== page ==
- Output 1.1 Councillors and technical extension workers and CBOs, NGOs, and extension workers at the commune-level in each Maradi vulnerable communes trained to understand opportunities and threats associated with long-term climate change; and integrate this new learning into their programming
- Output 1.2 Sustainable, effective communication systems established to enable communal councillors, extension services and community organizations (CBOs and NGOs) to access and use relevant climate information and hydro-meteorological advisories, high-resolution satellite data, other climate risk management tools (e.g. maps) and information on climate change impacts to drive their local/community development plans and projects.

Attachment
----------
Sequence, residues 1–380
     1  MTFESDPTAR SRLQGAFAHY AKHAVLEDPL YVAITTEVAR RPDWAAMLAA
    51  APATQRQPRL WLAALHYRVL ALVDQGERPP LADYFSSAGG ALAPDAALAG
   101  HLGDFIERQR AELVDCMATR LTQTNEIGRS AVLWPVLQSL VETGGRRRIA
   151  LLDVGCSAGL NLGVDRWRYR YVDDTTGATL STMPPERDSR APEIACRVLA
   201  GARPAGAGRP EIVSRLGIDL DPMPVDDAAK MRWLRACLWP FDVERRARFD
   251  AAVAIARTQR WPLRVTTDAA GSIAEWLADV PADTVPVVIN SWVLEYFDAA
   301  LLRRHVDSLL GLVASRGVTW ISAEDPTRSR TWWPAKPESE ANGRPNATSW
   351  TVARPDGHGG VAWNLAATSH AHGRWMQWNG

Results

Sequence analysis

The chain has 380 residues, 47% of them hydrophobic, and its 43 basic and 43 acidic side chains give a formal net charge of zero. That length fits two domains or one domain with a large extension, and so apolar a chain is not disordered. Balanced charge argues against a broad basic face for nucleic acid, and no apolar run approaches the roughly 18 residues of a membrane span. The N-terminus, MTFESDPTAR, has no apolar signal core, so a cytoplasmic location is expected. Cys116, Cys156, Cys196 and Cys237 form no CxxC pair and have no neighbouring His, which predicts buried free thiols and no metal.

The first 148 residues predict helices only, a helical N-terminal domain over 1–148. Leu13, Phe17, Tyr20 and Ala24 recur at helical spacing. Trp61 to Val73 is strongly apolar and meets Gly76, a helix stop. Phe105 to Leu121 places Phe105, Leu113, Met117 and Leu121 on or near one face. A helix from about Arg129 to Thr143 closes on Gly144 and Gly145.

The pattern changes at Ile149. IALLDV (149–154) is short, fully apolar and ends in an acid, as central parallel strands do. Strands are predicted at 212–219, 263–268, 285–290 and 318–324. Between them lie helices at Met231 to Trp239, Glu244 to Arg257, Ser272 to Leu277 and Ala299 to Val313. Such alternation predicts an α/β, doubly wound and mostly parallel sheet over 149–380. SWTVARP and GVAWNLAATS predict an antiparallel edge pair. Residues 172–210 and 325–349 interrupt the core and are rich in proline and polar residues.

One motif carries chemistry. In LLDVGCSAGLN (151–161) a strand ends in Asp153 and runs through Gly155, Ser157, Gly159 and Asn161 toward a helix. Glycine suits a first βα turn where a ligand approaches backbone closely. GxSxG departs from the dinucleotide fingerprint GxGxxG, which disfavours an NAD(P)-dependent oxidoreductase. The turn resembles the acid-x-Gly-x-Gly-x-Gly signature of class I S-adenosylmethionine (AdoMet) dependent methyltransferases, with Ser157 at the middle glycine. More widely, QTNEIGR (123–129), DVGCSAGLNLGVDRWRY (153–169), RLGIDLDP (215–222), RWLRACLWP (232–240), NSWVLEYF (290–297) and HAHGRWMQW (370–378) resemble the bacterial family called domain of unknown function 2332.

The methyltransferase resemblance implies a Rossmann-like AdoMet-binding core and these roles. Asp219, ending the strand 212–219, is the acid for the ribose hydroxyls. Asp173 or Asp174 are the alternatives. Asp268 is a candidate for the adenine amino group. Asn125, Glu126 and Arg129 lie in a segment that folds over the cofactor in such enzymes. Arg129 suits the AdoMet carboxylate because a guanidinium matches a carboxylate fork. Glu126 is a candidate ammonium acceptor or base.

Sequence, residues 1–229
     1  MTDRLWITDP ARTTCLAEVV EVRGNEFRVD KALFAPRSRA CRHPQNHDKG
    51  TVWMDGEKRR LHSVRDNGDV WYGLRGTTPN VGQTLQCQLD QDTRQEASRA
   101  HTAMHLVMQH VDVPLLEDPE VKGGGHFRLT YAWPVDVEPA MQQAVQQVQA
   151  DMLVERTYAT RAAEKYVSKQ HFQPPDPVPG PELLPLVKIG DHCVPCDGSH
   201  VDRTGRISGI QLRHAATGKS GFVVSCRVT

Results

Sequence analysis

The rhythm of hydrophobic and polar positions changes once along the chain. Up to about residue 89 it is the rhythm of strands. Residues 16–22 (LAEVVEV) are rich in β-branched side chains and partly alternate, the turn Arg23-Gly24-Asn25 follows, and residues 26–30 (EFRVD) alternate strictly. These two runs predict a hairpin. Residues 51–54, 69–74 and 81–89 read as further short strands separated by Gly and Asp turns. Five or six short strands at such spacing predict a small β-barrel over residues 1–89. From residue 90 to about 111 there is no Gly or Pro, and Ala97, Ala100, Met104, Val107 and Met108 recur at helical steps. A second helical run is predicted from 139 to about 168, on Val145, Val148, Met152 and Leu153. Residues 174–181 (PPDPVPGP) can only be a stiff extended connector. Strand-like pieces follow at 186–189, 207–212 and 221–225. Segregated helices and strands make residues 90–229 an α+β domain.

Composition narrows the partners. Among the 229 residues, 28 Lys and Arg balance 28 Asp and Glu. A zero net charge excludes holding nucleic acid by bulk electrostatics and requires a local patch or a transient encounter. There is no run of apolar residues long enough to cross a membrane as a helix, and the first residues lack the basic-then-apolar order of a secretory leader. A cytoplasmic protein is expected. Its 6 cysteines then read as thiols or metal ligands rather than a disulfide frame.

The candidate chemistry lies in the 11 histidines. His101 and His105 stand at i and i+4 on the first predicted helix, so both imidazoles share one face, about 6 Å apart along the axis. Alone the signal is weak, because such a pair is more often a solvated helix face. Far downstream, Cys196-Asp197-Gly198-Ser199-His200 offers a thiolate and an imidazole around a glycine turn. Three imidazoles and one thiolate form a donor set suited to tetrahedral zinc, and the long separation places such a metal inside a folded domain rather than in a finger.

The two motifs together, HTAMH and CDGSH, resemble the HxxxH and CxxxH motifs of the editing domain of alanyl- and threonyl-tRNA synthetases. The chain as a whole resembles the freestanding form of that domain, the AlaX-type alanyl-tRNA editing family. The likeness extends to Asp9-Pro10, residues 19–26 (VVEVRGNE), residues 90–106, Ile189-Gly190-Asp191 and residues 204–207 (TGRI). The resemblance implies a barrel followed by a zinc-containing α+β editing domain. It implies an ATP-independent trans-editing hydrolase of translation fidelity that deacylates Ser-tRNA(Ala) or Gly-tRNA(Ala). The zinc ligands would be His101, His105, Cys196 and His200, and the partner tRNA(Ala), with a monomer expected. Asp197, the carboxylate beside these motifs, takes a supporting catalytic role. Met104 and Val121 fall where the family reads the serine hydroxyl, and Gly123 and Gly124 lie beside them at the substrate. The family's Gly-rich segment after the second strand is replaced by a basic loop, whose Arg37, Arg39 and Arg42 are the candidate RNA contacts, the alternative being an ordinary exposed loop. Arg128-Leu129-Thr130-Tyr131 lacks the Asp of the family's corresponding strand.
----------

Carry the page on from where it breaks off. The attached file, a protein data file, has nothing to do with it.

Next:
- Output 1.3 Communal development plans and rural/community development programmes/projects reviewed and updated to integrate effective climate risk management and enable more climate-smart investment
- Output 1.4 Rural producers, particularly women, engaged in climate-resilient income-generating activities transformed into viable local micro-entrepreneurs, trained to store/conserve their production where needed and enabled to access and link with district-level and national markets for sale of their products
- Output 1.5 Rural producers, particularly women, provided with business development support and enabled to access finance from existing micro-finance institutions to sustainably support their micro-enterprises
- Output 1.6 CBA best practices (including gender differentiated issues) captured and widely shared/disseminated and cross-community learning on adaptation across Niger advanced to support replication in other vulnerable communities